Thank Blog It’s Friday! July 30, 2009

Filed under: Uncategorized — kayroseland @ 11:11 am
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Shareology stole “Thank Blog It’s Friday” from AgencyBabylon; however, it will be the one and only time Shareology uses TBIF, the AB feature that debuted just a few months ago. Perhaps she will be forgiven this one time, given this post is actually one big Thank You to Agency Babylon.

Shareology has quite a few cheerleader tendencies, and yes, she does own a set of pompoms, thank you very much. A few months ago, she was more than happy to use those cheerleader skills as AgencyBabylon went through its conception, creation and launch phases. She stood in awe as AgencyBabylon grew, posted, and grew some more. AgencyBabylon set the standard for superbly well-written, graphically refreshing blogs.

Thus as it became obvious that Shareology was in launch phase, the high standards set by AgencyBabylon loomed high in the sky indeed. But, as in much of life, AgencyBabylon suggested Shareology Just Do It. And off we went on July 26th, 2009; Shareology was launched.

AgencyBabylon helped support and guide Shareology in innumerable ways this week. Turns out writing the blog is only the first step; promoting the blog so somebody out in the blogoverse actually reads it is quite another. As AgencyBabylon shared wisdom on all things blog, Shareology took her first steps.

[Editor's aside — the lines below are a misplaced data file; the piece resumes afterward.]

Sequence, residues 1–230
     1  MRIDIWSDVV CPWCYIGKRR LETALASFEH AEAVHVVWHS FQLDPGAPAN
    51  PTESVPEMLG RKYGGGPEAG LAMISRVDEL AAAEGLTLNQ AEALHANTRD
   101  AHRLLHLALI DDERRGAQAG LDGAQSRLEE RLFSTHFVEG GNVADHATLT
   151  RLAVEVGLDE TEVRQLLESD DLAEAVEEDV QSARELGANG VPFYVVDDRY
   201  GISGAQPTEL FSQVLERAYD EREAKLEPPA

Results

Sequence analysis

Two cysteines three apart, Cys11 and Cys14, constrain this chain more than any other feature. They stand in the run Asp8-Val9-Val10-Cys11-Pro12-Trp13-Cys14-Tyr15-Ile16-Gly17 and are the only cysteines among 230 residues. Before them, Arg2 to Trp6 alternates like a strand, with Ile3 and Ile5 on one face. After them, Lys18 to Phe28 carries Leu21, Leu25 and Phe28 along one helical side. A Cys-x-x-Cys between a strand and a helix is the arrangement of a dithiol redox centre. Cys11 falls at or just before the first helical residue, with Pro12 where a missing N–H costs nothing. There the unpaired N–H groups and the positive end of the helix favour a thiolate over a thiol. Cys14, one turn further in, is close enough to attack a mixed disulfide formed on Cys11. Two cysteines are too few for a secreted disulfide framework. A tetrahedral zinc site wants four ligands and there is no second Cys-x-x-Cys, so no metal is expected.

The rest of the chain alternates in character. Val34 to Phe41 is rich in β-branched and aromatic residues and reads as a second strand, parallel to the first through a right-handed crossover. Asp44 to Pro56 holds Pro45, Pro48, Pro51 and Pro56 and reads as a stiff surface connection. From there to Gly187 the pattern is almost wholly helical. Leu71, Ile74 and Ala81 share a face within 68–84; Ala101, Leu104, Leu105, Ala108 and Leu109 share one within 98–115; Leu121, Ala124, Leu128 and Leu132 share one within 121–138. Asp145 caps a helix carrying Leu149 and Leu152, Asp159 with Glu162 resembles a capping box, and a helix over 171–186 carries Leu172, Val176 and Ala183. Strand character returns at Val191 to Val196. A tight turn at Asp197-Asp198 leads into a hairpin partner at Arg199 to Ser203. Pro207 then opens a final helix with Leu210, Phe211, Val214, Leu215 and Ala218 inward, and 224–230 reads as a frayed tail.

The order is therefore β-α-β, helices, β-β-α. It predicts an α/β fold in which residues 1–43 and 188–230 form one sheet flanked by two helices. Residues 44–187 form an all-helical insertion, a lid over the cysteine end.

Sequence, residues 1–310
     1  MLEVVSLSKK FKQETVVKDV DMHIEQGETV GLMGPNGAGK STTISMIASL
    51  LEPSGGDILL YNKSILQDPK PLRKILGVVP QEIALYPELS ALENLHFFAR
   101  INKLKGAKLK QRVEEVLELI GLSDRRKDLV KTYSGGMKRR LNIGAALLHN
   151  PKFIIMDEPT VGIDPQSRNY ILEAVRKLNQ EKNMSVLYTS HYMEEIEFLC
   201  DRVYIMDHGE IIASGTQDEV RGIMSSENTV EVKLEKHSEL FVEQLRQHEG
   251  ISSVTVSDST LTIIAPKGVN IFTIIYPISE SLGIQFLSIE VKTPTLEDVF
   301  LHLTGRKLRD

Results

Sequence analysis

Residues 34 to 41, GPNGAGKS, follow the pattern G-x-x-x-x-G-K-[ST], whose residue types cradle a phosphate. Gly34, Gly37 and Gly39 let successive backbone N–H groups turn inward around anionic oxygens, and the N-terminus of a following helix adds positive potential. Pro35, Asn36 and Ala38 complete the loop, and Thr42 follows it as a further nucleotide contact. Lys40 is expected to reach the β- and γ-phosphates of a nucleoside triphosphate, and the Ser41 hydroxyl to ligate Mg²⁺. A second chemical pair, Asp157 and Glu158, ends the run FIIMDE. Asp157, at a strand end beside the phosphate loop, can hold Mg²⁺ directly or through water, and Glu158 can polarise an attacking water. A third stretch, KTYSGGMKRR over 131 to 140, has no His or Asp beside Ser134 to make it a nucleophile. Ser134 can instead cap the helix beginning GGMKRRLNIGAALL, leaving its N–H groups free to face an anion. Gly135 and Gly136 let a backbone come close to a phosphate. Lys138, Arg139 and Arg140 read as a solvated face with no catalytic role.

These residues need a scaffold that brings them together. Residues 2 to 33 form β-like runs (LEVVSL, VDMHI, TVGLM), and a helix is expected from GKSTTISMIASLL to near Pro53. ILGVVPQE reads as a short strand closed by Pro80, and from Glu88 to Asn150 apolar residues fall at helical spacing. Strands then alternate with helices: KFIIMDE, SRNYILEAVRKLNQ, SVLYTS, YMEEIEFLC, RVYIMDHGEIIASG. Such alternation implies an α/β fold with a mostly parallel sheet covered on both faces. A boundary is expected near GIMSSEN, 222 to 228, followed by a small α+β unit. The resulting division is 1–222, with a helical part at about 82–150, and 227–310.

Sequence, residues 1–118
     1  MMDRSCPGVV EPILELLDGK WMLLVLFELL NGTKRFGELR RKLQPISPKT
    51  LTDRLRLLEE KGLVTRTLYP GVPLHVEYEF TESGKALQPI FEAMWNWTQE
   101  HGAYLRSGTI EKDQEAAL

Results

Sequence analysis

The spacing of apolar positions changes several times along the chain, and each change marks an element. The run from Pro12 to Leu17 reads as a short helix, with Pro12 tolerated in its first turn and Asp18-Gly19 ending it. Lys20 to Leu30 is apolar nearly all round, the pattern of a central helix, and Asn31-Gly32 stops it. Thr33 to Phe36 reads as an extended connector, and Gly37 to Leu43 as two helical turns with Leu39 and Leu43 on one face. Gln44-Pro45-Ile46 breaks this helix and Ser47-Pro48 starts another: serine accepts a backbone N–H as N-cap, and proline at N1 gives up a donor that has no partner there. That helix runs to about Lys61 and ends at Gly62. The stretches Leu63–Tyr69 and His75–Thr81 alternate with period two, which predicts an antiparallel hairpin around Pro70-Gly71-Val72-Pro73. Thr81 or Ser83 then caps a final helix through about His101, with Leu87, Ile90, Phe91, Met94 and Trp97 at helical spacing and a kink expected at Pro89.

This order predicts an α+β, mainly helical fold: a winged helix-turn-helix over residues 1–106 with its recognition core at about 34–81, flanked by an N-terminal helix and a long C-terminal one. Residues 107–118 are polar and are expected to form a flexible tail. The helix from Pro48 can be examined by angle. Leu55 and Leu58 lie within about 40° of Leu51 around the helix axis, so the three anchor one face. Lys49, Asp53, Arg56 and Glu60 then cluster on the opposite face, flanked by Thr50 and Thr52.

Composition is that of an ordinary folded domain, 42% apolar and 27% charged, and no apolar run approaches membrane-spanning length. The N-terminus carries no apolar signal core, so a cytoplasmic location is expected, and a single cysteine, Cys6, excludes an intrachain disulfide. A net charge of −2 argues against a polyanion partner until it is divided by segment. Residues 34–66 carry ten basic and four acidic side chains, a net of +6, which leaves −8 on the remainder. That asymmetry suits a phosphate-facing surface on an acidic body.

So a big, huge, heartfelt “Thank You” and a shake of the pompoms to Agency Babylon for wisdom, knowledge and uncommon support this week and in the past five years!

Take a trip over to AgencyBabylon and enjoy this well written, entertaining and oh so intelligent blog or follow him on Twitter at @AgencyBabylon: 








A Big Shake of the Shareology pompoms to AgencyBabylon!

A Big Shake of the Shareology pompoms to AgencyBabylon!










Galleria: Retail that Works! July 26, 2009

Filed under: Uncategorized — kayroseland @ 9:08 pm
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In an environment where retail has been challenged, one continuing bright spot is the Galleria in Edina. Where to begin? Perhaps with the strollers at each of the many entrances. Galleria knows the customers it serves and the Edina mom. If she decides to make a quick trip inside, she will find a stroller waiting at the doorway to help her manage her child and her shopping.

I also like the way the Galleria deals with that horror of horrors today: empty retail store fronts. The Galleria uses architectural elements of empty storefronts to showcase current retailers and their offerings. You might be excused from enjoying the display and not noticing an empty shop behind. In a rare misstep, one well done display window is located next to waaaay too much empty white space where previously lurked a store front that no longer leads into an open shop. Most often Galleria paints these empty storefronts in an appealing color that works so much better than expanses of white.  

A few stores closed?  No problem:  Fill them with displays of existing stores offerings!

A few stores closed? No problem: Fill them with displays of existing stores offerings!

Great Bay Window Display:  if only the wall wasn't white

Great Bay Window Display: if only the wall wasn't white